Cover Comments: This cover is actually pretty plain, but keeps in style with the covers of Ellen Hopkins' other books. So that in itself usually makes it distinguishable, but really I think it's pretty unremarkable. I'm trying to figure out what the cover is supposed to be...it looks like fire one minutes and then a red sheet the next. Oh well, it does it's job well! (Edited to add: I just saw a finished copy--very impressive! It looks much nicer than the picture!)
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on January 23, 2016
This is a great book, but it's hard to read. It's important to read it, but still hard. The author does an amazing job examining some of the reasons young people get the involved with/become victims of sex work. Great, great, great writer. Would definitely recommend
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on April 10, 2011
Just like her other books, Tricks has real meaning to it. It's the kind that makes you reflect on your life and see how much you take for granted. It makes you hate yourself for the times that you yelled at your parents for not letting you go to a party, or not buying you clothes that "you'd die without". I really respect her and thank her for exposing these true and important topics.

Tricks takes turns switching from five different perspectives: Eden Streit, Seth Parnell, Whitney Lang, Ginger Cordell, and Cody Bennett. I fell in love with every single one of these characters. They all had a different, heartbreaking story to tell and reduced me to nothing less than a pile of tears. Ellen Hopkins didn't sugar-coat anything in this book and threw in disturbing, yet necessary scenes that portrayed the seriousness of this topic. The book showed how you can jump from one path to another in the blink of an eye and end up living a life you never though could happen to you. You'll read Tricks and think, that will never happen to me, but no one can be 100% positive.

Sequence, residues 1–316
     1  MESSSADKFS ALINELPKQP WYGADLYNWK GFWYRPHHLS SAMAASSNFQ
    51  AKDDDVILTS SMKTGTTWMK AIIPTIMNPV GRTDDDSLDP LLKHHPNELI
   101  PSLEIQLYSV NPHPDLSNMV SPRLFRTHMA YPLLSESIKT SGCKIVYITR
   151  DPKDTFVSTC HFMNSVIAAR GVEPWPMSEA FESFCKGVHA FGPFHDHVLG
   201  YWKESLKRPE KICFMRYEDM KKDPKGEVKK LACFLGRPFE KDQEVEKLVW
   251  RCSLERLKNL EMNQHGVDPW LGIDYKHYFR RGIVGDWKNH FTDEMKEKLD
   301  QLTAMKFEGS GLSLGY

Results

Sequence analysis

It was strong, powerful, and really spoke to me. The only part that bothered me was the ending. It was sort of just left to your imagination, which I guess is ok because it's not like she could have ended it with 'and everyone lived happily ever after.' This book was very moving and I recommend it it anyone who can handle the truth.

Eden Streit is the daughter of a preacher and has to be a good little Christian and follow all of her parents' orders. Eden makes the mistake of falling in love with Andrew, who her parents don't approve of, and everything goes down hill from there.
Even though Eden is the opposite of me, I can relate to her and got really into her story. She felt so real to me and it felt like she was telling me her story as if she were in the room.

Seth Parnell is still mourning the loss of his mother and struggling with the two parts of himslef-the straight guy around his dad, and the gay guy who has fallin in love. Even though Seth is a guy, I suffered through every painful moment he told. He was a very likeable character who really caught my attention.

Whitney Lang is a pretty normal girl in the shadow of her perfect sister, with a mother who doesn't like her and a father who is only home on the weekends. Whitney was the easiest for me to relate to since she had a more normal life than the others. I instantly connected to her and it was really sad to read her drastic fall into prostitution.

Ginger Cordell is my favorite character I think. She lives with her grandmother and her numerous siblings(most from different fathers). Her mom is a prostitute and is rarley around. I don't know why, but Ginger stuck out the most to me. She seemed so strong and brave to me and I cried so much while reading her story.

Cody Bennett is an average guy who likes to drink and smoke(he actually reminds me of my brother minus the prostitution and smoking part). When his step-father gets fataly sick, Cody has to step up to the plate and make money the fastest way he can to support the family. Cody is a really great character and I love him for bing so selfless. Ok, being a prostitute isn't a healthy way to save your family, but he did what he had to do to help his mom.